As I grew a bit older, I realized that not only was I one of the few people (if not the only one) I knew that related to an animal in such a way, but I also felt like I was turning into a cobra, at some points… maybe not physically, I knew no one else would believe I was a snake in human form, but more times than I could count, I wished they could see the way I felt inside. I wanted them to see me as the serpent-woman I felt I should look like… this desire intensified as I matured further, as I would experience these shifts at moments when I felt very attractive… so my confidence in my own sex appeal would rise even more. I felt sexier and more alluring when I was shifted, maybe influenced by the infamy of the snake as a supposed “tempter” (“Garden of Eden” story) or similar symbol of sexuality, but mostly because it felt natural to me, like that was who I am and it was even more beautiful than my human body (not that I had body image issues, because I didn’t… I just felt even better as a serpent).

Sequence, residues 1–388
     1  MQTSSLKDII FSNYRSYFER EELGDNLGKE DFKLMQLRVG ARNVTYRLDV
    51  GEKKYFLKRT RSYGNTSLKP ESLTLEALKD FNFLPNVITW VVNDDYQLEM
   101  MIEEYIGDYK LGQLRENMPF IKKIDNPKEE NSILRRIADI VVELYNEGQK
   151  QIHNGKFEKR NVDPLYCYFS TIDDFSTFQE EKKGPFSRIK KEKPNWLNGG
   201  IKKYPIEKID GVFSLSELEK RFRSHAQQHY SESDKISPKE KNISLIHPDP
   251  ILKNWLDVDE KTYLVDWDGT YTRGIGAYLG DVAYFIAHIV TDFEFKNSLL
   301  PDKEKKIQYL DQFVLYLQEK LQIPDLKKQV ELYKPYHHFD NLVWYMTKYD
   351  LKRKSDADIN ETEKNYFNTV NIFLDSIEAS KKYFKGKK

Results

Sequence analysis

I learned to work out these shifts and urges through my art work, and later, through learning to belly dance. In my art, almost any time I wanted to represent myself, I liked to use a snake in some way. Even in my senior year graduation photo, I wore a fine gold necklace, with a small, gold cobra pendant – a little piece of the “me” inside. If I doodled an animal representation of myself in the margins, most of the time she was more or less a serpent or other reptile. My piece, Chimerical Fancy, a seven foot high oil painting I did for Higher Lever IB Art 2, features my version of a chimera (modeled after my body) composed of a jaguar, bat, zebra, and a sea snake. When I belly dance, it is a profound experience, because I work out that slithering motion, I work out a shift, where I feel beautiful and liberated, I become at once the snake and the snake charmer. The throbbing bass and percussion guide my movements most, the vibrations and music attracting my fellow humans, and helping them see that I am not moving alone. Most may see a pretty girl who dances really well, but to me, I am showing them what I feel inside through a beautiful, ancient, and ever-feminine art.